Within minutes after news began circulating about Kenny Brooks' resignation as JMU's women's basketball coach last March, momentum started building within JMU Nation for Dukes associate head coach Sean O'Regan to fill the vacancy. For what it's worth, we thought it was a pretty good idea, too.
If only all of our thoughts turned out this well.Here's hoping Coach O'Regan receives STRONG consideration. https://t.co/U6Kj5t2yy1— LadySwish (@Ladyswish) March 28, 2016
There's a temptation is to look at the Dukes' record - 14-6, 7-2 in the Colonial Athletic Association - shrug and say, "typical JMU." In fact, what's unfolded in Harrisonburg is actually an expert rebuilding job cleverly disguised as typical JMU.
Consider that these Dukes are without the 2016 CAA Player of the Year (Jazmon Gwathmey), the first-team all-league point guard (Muff Mickens) and the team's second-leading scorer (Ashley Perez). Right before the 2016-17 season began, center Kayla Cooper-Williams, who made the league's all-defensive and all-rookie teams last season, went down with a season-ending knee injury. And eight games into the campaign, O'Regan revealed that forward Da'Lishia Griffin, the CAA's leading rebounder a year ago, had left the team.
The massive turnover produced one of our favorite by-the-numbers stats:
0 - Points supplied by current JMU players in the Dukes' 60-46 victory over Drexel in the 2016 CAA tournament championship game.
Now, O'Regan isn't the first coach to have to replace five starters. But how many have had to replace five studs? In their first year in command? The challenge is enough to make a guy pull his hair out. No, wait....
Scratch that bit about hair. The point is, this team had to undergo a near-complete overhaul. Also, we couldn't help but wonder, how well would the players respond to O'Regan going from popular assistant to the man who now must occasionally crack the whip? And what about the challenges of replacing a superstar coach like Brooks? Wouldn't it be better to be the coach who replaced the coach who replaced Brooks?
In short, there were all sorts of legitimate excuses in place for a season (or two) full of getting-to-know-each-other struggles. Led by O'Regan, the Dukes have navigated around them all while branding themselves serious players for a fourth straight conference tournament title in a deeper-than-usual CAA.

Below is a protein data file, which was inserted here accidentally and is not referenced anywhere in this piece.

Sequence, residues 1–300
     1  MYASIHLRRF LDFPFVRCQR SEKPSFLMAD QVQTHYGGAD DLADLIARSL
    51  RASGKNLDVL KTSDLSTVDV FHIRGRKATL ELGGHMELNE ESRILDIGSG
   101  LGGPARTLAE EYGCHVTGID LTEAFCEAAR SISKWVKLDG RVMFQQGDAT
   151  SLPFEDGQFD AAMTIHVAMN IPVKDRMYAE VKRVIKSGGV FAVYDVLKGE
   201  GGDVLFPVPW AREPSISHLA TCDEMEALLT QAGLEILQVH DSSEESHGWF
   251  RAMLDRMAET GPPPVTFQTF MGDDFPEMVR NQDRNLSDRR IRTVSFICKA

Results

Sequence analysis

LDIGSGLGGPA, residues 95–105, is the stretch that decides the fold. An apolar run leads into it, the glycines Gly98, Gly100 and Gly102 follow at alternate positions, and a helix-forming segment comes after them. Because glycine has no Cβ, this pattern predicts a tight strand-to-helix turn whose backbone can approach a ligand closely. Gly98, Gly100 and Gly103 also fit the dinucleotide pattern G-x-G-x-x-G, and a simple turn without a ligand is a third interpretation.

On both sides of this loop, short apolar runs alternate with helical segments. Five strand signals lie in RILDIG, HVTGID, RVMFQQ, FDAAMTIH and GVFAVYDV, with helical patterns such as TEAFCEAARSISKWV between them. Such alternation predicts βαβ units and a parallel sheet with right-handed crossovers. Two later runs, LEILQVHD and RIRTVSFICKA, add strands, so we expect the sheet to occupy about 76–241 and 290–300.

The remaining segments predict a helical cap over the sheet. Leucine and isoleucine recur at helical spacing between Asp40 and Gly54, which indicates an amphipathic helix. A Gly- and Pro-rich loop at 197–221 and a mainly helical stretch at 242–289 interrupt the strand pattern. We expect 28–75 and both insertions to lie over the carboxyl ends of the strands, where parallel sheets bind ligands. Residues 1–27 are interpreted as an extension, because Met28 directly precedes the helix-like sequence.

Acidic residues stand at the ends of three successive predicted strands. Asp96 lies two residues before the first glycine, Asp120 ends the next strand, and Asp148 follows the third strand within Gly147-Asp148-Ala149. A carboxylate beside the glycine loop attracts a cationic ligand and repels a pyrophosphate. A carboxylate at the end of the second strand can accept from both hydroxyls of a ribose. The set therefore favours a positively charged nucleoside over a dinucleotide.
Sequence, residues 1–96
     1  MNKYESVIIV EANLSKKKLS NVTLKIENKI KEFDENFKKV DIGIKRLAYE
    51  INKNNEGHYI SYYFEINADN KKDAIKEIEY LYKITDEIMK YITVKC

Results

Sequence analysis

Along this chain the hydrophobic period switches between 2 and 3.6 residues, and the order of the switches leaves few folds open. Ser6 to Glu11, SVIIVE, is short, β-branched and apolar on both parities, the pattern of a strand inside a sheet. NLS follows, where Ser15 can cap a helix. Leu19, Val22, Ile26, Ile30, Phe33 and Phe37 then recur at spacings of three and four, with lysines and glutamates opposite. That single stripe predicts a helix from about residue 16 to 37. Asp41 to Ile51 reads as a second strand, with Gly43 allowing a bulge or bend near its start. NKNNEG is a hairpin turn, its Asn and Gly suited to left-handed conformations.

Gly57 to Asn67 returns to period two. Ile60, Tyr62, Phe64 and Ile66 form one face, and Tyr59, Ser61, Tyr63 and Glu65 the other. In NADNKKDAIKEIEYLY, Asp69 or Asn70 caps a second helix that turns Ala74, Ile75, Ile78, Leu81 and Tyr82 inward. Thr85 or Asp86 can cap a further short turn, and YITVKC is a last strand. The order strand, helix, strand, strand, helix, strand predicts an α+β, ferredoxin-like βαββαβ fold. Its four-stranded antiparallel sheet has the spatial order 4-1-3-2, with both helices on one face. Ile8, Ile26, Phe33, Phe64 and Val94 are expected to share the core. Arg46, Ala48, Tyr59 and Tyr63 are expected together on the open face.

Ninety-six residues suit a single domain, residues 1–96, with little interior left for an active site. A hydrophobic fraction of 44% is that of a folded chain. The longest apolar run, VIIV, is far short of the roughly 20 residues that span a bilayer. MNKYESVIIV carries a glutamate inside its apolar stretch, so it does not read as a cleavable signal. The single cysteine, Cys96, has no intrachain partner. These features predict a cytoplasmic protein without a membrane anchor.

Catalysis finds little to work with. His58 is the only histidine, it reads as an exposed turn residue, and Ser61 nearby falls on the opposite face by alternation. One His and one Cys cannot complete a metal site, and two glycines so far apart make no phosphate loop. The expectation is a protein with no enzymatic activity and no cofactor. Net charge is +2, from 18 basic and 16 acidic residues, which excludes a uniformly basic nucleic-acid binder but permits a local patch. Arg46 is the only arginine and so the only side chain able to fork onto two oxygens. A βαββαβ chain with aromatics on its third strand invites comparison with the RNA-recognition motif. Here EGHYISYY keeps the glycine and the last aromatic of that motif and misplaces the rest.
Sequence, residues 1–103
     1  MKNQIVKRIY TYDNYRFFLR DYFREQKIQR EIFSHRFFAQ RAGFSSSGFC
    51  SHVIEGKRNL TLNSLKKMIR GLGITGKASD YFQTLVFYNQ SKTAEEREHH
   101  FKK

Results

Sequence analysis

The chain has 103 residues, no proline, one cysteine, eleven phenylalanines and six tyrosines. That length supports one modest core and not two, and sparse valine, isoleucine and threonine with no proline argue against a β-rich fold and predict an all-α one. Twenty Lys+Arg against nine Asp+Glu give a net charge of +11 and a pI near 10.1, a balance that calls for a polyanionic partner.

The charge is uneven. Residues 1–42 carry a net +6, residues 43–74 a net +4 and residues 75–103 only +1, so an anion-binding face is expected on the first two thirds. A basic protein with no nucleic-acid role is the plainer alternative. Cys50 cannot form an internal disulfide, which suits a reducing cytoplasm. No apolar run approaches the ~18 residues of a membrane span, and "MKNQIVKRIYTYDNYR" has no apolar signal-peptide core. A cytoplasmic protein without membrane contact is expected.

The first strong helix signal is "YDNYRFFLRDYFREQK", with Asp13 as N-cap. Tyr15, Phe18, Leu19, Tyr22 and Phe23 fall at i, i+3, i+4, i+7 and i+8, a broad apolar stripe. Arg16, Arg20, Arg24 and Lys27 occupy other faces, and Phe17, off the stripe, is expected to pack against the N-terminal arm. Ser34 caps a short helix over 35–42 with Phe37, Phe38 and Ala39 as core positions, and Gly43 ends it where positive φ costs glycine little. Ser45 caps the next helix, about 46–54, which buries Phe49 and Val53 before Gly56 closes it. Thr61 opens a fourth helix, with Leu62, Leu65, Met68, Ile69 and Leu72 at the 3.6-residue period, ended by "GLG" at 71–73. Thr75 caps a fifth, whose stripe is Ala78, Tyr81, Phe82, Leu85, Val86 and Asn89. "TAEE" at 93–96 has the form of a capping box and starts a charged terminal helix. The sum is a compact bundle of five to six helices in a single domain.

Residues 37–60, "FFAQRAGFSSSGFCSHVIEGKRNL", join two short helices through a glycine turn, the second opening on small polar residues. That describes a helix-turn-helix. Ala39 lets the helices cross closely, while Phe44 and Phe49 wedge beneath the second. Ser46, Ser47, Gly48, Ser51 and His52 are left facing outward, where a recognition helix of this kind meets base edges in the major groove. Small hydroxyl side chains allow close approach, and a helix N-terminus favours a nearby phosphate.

Granted, it helps to have star guard Precious Hall, who missed last season with a knee injury, not only healthy but producing at an All-American level. But everyone else is either adjusting to a more significant role (Tasia Butler, Aneah Young, Logan Reynolds, Hailee Barron, Savannah Felgemacher), to playing the JMU way (Stetson transfer Amber Porter) or simply to college life, period (freshmen Kamiah Smalls, Lexie Barrier, Devon Merritt).
There's plenty of talent there, for sure. But to see it blending together this effectively this quickly is a credit to O'Regan, assistants Bridgette Mitchell, Ian Caskill (Cox High!), Ashlee McGee and the rest of the women's basketball brain trust. Evidently, O'Regan is as good as assembling a team around him as he is as guiding the team in front of them.
So, yeah, O'Regan was the people's choice. And in this case, it looks like the people knew what they were talking about.
What is "1984?"
a. Title of a classic book by George Orwell;
b. Year "Purple Rain" hit theaters;
c. Career point total for JMU's Precious Hall;
d. Consecutive victories by the UConn women's basketball team;
e. All except "d."
Pat yourself on the head if "e" was your choice. Obviously, UConn hasn't won anywhere near that many games.
As for Hall, well, we're not taking anything for granted. But since she's averaging 23.9 points per game, let's just say we like her chances of crashing the 2,000-point barrier Friday night in Hempstead, N.Y. when the Dukes visit Hofstra (8-11, 1-7 CAA). Only two other JMU players have ever done so - Dawn Evans (2,667) and Tamera Young (2,121).
On Nov. 11, we visited Harrisonburg and watched the Dukes go 6-for-16 from the free throw line (Brick City!) in a season-opening loss to Tennessee. On Sunday, we saw JMU live for a second time at William and Mary and witnessed a program-record 18-for-18 performance from the line in a 15-point triumph over the Tribe.
Combine this with the 6-for-6 effort in the final 26 seconds in last Friday's victory over Drexel and the Dukes will take a streak of 24 straight made free throws into Friday's game at Hofstra. And the best thing about what's happening is it isn't just one player knocking 'em down. Not surprisingly, Hall leads the way by making all nine of her attempts over this span. But there's also: Butler 4-4; Barrier 3-3; Porter 2-2; Smalls 2-2; Young 2-2, Barron 2-2.
Of course, this streak's bound to end at some point (right?), but the improvement from that first game seems legit. Through nine conference games, the Dukes are shooting 75.9 percent from the line, just a smidge behind league-leading Delaware (76.0). JMU was at 69 percent through its 11 non-conference games.